Breast cancer screening in women: An integrative literature review
breast health, routine screening, women's health, cancer, mammography, ultrasound, magnetic resonance imaging
Purpose: To (a) conduct a thorough search of the literature for breast cancer screening studies utilizing mammography, ultrasound, or breast magnetic resonance imaging (MRI), and (b) critically appraise these studies to aid the nurse practitioner in choosing the most appropriate screening tool for their individual patients.
Data sources: Articles were identified from the following databases: CINAHL, Medline, PubMed, EBSCO, ISI, and Cochrane Library. Reference lists from all articles were reviewed and an authority in breast cancer screening was contacted regarding the reference list.
Conclusions: Breast MRI had a higher sensitivity than mammography and ultrasound in all studies comparing breast MRI. The specificity was lower for breast MRI than for mammography in five out of six studies. The ultrasound had a higher sensitivity than mammography in all five studies examining women with dense breast tissue.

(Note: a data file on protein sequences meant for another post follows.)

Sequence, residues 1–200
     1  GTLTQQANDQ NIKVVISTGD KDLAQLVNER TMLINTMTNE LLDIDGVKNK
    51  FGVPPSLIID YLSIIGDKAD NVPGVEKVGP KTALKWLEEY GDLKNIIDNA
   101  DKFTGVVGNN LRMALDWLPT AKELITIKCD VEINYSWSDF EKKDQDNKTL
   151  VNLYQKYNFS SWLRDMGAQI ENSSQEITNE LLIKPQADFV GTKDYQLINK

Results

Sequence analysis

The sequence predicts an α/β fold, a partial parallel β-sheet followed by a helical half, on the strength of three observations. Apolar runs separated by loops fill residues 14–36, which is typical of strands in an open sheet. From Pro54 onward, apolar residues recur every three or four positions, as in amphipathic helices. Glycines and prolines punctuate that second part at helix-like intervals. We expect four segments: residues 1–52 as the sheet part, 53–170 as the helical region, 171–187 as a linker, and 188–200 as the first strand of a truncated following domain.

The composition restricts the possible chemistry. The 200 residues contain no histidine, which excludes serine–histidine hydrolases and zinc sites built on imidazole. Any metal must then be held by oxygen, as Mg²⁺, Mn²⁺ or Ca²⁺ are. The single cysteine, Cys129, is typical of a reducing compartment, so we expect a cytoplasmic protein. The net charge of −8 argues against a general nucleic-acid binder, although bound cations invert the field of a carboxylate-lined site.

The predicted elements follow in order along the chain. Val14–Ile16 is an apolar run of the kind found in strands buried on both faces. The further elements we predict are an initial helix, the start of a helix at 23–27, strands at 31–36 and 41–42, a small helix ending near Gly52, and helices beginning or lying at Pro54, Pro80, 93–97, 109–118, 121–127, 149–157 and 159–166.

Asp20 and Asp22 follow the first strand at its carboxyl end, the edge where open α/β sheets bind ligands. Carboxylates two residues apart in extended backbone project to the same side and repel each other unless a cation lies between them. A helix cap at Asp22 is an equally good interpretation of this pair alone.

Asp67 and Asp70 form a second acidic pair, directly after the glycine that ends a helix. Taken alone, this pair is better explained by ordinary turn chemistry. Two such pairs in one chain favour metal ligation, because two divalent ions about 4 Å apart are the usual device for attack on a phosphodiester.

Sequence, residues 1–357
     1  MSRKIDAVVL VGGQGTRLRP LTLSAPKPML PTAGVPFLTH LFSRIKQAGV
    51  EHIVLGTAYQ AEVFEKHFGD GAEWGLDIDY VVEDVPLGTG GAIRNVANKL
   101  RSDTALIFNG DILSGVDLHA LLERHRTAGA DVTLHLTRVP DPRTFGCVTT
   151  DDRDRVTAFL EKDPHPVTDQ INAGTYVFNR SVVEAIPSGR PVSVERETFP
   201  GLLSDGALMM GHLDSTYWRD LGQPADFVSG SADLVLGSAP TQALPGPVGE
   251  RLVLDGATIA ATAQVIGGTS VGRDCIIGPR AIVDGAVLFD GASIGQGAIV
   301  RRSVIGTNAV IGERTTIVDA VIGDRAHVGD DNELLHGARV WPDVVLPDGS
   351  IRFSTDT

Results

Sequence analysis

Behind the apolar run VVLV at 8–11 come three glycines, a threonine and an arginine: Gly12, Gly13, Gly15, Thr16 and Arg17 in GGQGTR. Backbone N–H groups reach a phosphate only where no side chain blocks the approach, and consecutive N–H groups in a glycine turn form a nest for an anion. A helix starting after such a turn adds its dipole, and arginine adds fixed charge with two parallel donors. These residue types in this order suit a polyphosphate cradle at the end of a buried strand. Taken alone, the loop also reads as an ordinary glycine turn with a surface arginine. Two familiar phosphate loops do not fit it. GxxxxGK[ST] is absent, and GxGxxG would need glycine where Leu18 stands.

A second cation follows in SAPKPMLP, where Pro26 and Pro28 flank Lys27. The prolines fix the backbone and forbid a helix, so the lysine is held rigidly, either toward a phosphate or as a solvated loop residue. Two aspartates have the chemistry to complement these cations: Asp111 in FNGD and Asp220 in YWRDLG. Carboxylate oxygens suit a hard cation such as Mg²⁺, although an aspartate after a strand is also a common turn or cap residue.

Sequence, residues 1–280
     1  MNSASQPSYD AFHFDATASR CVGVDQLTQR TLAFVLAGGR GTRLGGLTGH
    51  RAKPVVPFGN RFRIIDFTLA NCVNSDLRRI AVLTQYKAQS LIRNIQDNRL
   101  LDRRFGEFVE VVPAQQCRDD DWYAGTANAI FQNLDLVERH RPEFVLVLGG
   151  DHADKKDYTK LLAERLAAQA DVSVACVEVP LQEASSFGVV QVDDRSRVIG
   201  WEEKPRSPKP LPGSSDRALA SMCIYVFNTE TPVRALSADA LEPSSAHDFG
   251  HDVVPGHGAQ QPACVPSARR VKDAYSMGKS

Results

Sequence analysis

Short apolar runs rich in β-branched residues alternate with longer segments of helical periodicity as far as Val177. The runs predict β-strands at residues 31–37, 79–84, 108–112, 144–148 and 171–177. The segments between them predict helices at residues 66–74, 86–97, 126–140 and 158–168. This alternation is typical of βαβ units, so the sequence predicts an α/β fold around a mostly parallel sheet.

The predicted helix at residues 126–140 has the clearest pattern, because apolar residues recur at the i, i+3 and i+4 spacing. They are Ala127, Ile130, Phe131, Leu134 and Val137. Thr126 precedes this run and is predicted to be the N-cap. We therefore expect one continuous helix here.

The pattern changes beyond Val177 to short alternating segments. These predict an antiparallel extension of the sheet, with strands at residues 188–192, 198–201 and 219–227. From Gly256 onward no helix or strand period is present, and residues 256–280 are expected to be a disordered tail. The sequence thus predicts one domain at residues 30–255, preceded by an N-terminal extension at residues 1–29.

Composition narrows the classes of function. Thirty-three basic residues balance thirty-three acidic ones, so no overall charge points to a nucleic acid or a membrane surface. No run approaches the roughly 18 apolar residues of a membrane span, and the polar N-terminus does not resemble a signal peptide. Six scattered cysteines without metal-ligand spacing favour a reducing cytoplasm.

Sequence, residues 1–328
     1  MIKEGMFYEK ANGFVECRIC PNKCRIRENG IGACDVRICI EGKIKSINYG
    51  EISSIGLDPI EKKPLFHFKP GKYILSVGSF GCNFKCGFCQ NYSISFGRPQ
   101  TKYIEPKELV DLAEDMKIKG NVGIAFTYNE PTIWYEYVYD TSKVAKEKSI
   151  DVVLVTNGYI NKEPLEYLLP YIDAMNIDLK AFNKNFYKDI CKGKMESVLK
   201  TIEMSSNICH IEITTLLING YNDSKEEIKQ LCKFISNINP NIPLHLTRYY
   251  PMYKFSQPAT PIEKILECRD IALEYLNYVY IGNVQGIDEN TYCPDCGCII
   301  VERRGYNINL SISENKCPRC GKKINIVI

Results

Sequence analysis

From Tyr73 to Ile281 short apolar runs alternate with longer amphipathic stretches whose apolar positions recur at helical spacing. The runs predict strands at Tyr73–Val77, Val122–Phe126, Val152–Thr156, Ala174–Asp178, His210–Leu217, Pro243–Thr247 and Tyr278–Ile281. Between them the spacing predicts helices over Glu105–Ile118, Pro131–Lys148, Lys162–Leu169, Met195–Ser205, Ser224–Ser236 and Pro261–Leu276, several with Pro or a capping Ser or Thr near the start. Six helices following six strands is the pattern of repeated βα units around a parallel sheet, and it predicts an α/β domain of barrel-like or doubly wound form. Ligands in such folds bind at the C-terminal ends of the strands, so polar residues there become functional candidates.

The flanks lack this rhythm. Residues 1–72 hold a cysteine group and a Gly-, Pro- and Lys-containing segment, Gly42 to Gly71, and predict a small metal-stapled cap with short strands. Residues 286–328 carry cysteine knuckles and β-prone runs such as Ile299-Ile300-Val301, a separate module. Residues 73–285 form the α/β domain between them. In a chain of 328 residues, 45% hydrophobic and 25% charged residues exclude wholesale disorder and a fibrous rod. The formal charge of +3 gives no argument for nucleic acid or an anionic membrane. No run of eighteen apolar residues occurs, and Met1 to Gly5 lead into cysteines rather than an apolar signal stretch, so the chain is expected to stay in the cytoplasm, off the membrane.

Implications for practice: Women who fall into high‐risk categories should be screened yearly with breast MRI and mammography. Women with dense breast tissue according to a standardized density score should be screened yearly with ultrasound and mammography. Women in the general population should be screened yearly with mammography.
Original Publication Citation
Ravert, P. & Huffaker, C. (2010). Breast cancer screening in women: An integrative literature review. Journal of the American Academy of Nurse Practitioners, 22(12), 668-673.
BYU ScholarsArchive Citation
Ravert, Patricia K. and Huffaker, Crystal, "Breast cancer screening in women: An integrative literature review" (2010). Faculty Publications. 5273.
Journal of the American Academy of Nurse Practitioners
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